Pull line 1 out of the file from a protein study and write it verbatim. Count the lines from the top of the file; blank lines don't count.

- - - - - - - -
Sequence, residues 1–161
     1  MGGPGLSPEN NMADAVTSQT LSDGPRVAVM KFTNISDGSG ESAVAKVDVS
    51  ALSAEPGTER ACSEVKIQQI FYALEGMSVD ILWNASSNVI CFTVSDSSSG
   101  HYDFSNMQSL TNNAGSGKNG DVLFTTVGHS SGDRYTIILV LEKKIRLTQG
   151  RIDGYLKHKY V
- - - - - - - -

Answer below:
Sequence, residues 1–161